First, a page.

6 Things 'Sharknado' Got Right About L.A. And 6 Things it Got Wrong
Last night, the world went temporarily insane thanks to the release of SyFy's "Sharknado." Everyone tuned in, Twitter blew up with commentary, and no one was the same in the end.
If you participated in this gluttonous mass viewing, you know that the film took place in Los Angeles. And as we soaked it all in, we couldn't help but notice that some of the ways our fair city was depicted were spot-on, while others were—to be kind—somewhat less than accurate. Here are the most pressing truths and lies:
Six Things They Got Wrong
1. The kindly old drunkard is warmly welcomed at his local Santa Monica bar.
The opening of “Sharknado” features George (John Heard) as a regular at a rickety beachfront bar, drinking alone, his antics accepted by the bartender with just a here-we-go-again eye roll. And yes, I know, The Daily Pint. But most bars in Santa Monica are not cobbled together shacks with tough-yet-loving drink slingers who have seen hard times themselves, and so accept the eccentric behavior of a late-middle-aged alcoholic in a Hawaiian shirt. IRL, that dude would have been kicked out for wearing shorts.
2. Claudia (Aubrey Peeples) says that she knows a shortcut to get from Beverly Hills to Van Nuys.
There is no shortcut to anywhere, anymore, ever.
3. The liquor store that our heroes visit is unmolested.
Please. That store would have been looted and rioted during a sharknado faster than you can say “where is the tiger shark.”
4. It actually started out as a sharkicane.
Not to be nitpicky, but just for accuracy’s sake.
5. Angelenos are out in the rain with nary a sweatsuit.
Yes, this is a sharknado, which means that it's straight disaster-level. But let’s get real—before they realized that living, manslaughtering sea monsters were raining down on our fair city, most Angelenos would at least toss on a scarf, a matching ski jacket and a pair of heavy boots to brave this kind of weather. We love our bikini tops but there’s a time and a place for everything.
6. And of course, the elephant in the room: Traffic. Would. Be. A. Nightmare. During. A. Sharknado.
Let’s just get right to this. Ian Ziering and his entourage fly through the city, from Santa Monica to Beverly Hills to Van Nuys during what is, for all intents and purposes, the worst disaster Los Angeles has ever seen, and they barely encounter one other car.
Look: We all tolerated a lot of suspension of disbelief during sharknado. Heck, that was it’s whole thing. But this is some creative license up with which we simply cannot put. It burns our eyes, accosts our ears, taunts our very existence. At least put those shark-fighters on bikes or something. Sure, the movie would have been a lot less fun if they had to tell the real story of how the group was stuck in traffic for 17 hours and made it, during that time, from the Santa Monica exit on the 405 to the Wilshire exit. But at least that would have shown some integrity.
Six Things They Got Right
1. Fin (Ian Ziering), an otherwise normal dude, has the skills to rappel off a bridge and save a busload of children.
In real life, Ziering is a Chippendale’s dancer. In the movie, his character owns a bar. Which leaves us with just one explanation for his extraordinary feat of athleticism: He Crossfits. By fitting in the occasional WOD, he has managed to rack up the raw paleo power necessary to harness himself to a bridge and salvage dozens of young lives.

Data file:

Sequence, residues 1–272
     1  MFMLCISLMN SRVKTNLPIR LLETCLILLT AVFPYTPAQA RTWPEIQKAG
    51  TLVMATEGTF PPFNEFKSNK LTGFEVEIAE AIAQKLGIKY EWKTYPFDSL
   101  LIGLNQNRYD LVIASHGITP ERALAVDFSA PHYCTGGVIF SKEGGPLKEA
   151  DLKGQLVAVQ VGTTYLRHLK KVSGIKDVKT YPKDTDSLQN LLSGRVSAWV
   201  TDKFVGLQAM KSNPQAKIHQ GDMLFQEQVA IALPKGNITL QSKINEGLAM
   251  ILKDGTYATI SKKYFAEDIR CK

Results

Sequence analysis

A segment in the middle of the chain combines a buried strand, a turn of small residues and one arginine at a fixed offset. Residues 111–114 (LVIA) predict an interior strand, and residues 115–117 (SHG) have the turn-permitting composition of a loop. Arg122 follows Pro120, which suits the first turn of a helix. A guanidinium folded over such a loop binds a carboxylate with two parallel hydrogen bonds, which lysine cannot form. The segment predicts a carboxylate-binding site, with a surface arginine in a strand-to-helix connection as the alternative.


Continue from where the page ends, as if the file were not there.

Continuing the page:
2. Matt (Chuck Hittinger) and Nova (Cassie Scerbo) partially blow up a sharknado from a helicopter.
As previously discussed, no one would be able to accomplish anything on the road in Los Angeles in the midst of a natural disaster. That said, as we all bemoaned our fate from inside our homes, we’d be relying on the very choppers at whose noise we regularly shake our fists (and aim our lasers) to take down, from on high, whatever affliction was facing us. That would be it. The helicopters. Our only chance at safety.
3. All present are more concerned about a dog trapped in a car than the humans dying in droves.
Absolutely accurate. Even as we watched it, we found ourselves utterly unmoved by the human lives lost, but clutching our hearts in agonized anticipation as the woman tried to free her dog from her car before the sharks got to him. Dear God, we said, not the dog.
4. Fin is dating a woman who is also age-appropriate for his son.
FYI, Ian Ziering is 49. Did you realize that? 49. The actor who plays his son Matt (Chuck Hittinger), is 30. The woman they both love is in her early 20s. Nothing to see here.
5. There's an elderly lady wearing a red headscarf who appears to be a boss.
Elderly ladies in headscarves, as a rule, are bosses. They are particularly boss when they live in an old age home in Los Angeles and survive the sharknado. They've lived long enough to rock a headscarf unironically—they will not be felled by flying creatures of the sea.
6. Heck, maybe you can chainsaw yourself out of a shark if you get eaten.
To be fair, we’ve never been eaten by an airborne shark who dies immediately upon swallowing us because obviously he freaking suffocated, he’s a freaking shark. So for all we know you can essentially birth yourself out of him, C-section style, once you’re in there, and then pull out your friend as well, administer CPR, and bring her back to life. It worked for Jonah.